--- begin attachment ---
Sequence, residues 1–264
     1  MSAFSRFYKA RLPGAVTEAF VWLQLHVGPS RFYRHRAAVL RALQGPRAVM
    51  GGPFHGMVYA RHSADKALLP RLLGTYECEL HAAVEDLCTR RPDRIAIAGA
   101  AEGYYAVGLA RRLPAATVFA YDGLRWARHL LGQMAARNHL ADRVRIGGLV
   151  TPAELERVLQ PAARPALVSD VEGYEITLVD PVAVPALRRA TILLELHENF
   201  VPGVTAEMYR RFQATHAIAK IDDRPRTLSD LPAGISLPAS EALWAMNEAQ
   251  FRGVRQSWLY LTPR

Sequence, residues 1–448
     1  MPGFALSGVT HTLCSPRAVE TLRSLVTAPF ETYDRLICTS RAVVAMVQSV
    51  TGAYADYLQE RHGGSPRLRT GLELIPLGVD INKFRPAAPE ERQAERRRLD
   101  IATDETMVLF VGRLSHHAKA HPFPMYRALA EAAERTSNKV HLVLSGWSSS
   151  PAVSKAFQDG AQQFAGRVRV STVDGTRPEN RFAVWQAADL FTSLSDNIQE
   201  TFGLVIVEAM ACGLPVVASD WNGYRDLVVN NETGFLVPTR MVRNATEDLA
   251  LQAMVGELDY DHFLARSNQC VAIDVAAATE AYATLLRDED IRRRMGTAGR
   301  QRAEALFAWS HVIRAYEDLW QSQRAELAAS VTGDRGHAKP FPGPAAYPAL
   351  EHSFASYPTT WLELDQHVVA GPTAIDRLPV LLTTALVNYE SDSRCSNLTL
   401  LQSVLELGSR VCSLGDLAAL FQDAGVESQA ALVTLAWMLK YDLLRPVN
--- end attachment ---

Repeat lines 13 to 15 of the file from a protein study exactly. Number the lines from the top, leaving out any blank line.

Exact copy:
   201  TFGLVIVEAM ACGLPVVASD WNGYRDLVVN NETGFLVPTR MVRNATEDLA
   251  LQAMVGELDY DHFLARSNQC VAIDVAAATE AYATLLRDED IRRRMGTAGR
   301  QRAEALFAWS HVIRAYEDLW QSQRAELAAS VTGDRGHAKP FPGPAAYPAL